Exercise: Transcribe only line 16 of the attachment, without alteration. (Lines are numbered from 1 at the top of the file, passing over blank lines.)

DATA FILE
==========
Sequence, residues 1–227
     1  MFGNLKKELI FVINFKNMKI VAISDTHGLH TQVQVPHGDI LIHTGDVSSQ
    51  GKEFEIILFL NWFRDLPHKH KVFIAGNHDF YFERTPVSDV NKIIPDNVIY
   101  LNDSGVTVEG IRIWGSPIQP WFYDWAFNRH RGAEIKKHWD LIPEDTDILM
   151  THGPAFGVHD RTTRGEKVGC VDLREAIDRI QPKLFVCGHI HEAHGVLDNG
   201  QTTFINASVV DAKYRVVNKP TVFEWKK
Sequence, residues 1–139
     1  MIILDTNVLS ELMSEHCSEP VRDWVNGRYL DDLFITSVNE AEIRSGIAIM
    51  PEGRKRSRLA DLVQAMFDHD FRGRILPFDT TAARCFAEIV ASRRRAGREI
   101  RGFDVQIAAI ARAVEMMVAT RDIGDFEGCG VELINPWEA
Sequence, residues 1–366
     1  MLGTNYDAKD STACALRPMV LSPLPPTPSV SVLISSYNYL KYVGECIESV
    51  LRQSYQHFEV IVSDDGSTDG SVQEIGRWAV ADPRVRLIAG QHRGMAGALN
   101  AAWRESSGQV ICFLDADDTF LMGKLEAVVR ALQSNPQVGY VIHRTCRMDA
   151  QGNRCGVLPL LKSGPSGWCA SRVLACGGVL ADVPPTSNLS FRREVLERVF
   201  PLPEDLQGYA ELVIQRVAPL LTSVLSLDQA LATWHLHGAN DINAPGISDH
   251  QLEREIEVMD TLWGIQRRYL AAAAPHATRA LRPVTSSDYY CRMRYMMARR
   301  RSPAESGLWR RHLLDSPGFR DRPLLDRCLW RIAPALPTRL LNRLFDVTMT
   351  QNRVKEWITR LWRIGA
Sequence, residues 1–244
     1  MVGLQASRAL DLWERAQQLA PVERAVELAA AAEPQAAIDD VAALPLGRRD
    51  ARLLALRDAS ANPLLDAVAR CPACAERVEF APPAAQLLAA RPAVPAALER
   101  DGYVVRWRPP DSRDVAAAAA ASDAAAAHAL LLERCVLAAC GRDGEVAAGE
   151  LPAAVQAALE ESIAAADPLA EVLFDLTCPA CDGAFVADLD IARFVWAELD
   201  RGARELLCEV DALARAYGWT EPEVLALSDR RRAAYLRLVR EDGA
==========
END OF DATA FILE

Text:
   201  PLPEDLQGYA ELVIQRVAPL LTSVLSLDQA LATWHLHGAN DINAPGISDH